What Does Your IT Team Need to Know About the Sarbanes-Oxley Act?
The Sarbanes-Oxley Act (SOX) has had a significant impact on IT teams across industries, though it is largely focused on financial services. This page is designed to help you understand what it could mean for you, your equipment, and how you dispose of IT assets.
What Is the Sarbanes-Oxley Act?
The Sarbanes-Oxley Act was passed and signed into law in 2002 as a response to major financial scandals that played a role in the collapse of Enron and WorldCom. SOX was created to protect shareholders as well as the general public from criminal accounting practices in large, publicly held companies.
SOX compliance is monitored and enforced by the Securities and Exchange Commission, which provides a brief overview as well as the full text of the act here: https://www.sec.gov/answers/about-lawsshtml.html#sox2002
For IT assets, SOX is both direct and extremely far reaching. Some companies have said that it is too intensive and claim to have based decisions to go public outside of U.S. markets because of SOX.
Who Is Impacted by the Sarbanes-Oxley Act?
Any company or individual who administers the systems related to or relevant to financial and accounting data are regulated under SOX. This means financial institutions and large corporations are covered as are software vendors and service providers who may analyze, process, or store this data.
The good news is that this compliance requirements only impacts publicly traded companies, so you may only need to meet requirements with some of your clients if you are not a publicly traded company yourself.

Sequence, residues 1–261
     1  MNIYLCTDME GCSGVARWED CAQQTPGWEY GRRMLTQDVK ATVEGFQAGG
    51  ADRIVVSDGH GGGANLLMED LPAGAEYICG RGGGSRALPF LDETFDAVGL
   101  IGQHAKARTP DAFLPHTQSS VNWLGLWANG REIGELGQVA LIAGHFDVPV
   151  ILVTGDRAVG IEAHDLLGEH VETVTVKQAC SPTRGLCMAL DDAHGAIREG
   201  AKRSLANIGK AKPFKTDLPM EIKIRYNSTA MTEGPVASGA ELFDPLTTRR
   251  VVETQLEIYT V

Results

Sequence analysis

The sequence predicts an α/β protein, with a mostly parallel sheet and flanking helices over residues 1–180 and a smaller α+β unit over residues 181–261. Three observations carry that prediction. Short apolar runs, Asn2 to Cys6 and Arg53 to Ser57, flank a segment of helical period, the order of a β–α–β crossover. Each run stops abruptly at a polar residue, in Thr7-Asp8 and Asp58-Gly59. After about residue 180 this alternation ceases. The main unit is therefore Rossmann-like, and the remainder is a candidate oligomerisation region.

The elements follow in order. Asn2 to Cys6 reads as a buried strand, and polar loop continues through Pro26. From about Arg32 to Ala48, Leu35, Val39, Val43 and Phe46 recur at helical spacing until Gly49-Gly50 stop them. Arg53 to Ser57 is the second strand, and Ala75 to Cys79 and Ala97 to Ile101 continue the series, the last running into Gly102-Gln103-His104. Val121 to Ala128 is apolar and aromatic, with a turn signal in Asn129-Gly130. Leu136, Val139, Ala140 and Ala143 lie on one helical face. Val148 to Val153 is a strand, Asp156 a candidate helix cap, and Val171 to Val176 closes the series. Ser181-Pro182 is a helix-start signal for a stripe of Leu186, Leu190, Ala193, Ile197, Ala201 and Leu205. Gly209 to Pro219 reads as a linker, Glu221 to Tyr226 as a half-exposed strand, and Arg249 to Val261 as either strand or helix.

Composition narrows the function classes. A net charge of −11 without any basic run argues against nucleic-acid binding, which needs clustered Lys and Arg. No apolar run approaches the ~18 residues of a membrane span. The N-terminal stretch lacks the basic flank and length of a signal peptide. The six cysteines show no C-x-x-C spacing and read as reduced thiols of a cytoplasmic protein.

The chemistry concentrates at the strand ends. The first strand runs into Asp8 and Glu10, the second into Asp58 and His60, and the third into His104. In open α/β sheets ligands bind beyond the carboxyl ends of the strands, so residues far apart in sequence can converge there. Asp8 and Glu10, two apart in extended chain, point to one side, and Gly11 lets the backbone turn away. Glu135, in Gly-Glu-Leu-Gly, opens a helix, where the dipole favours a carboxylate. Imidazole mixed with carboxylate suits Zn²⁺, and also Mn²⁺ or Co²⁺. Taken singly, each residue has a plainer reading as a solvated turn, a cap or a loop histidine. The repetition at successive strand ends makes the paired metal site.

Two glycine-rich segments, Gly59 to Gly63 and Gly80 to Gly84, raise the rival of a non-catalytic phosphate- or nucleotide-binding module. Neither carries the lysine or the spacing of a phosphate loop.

What Does SOX Compliance in IT Mean?
Audits and easy-to-track activities are the core focus of SOX. The act requires a comprehensive log of files and other documents for all financial transactions and interactions to be kept on hand for five years.
Records must be stored with simple and controlled access, and records must be kept for access as well as changes. Shareholders and the SEC must get copies of this data regularly.
An important note is that your company must keep both paper and electronic records.
Your IT team must be able to produce electronic records of audits for fiscal data and activity across almost any business activity. In recent years, this has included the SEC looking for data on activities that occurred in messaging services, data storage, system and data virtualization, and even broader networking to understand who would have had access to data, as well as had access to systems that could potentially give access to that data.
What Does This Mean for Old IT Assets?
The Sarbanes-Oxley Act creates a significant set of guidelines for auditing and maintaining financial data and related records. When your IT assets are being replaced, you need to ensure that data and records are kept in a way that the flow of information between old and new assets is recorded.
You will also need to include the destruction of IT assets in your audit data. SOX has limitations for who can access financial data and requirements for tracking access. You must note that IT assets are being destroyed and provide audits of their destruction to ensure the SEC that you have removed a potential access point.
By destroying the data and having an audit trail for your partner, you protect your business while meeting SEC guidance and regulatory requirements.
How Can Securis Help?
At Securis, we focus on complete destruction of data and access via old IT assets, plus the removal of hidden sensitive information left in older devices you might not think of, such as copiers and smartphones.
To help you stay in compliance with the Sarbanes-Oxley Act, we’ll provide you with thorough and complete destruction of devices and sensitive information, plus a verifiable audit trail that explains the entire disposal process. So, you stay in SOX compliance when you upgrade and change equipment.
It’s how we do our part, and we welcome a conversation with you about how you can do your part to protect your organization, customers, and even the environment.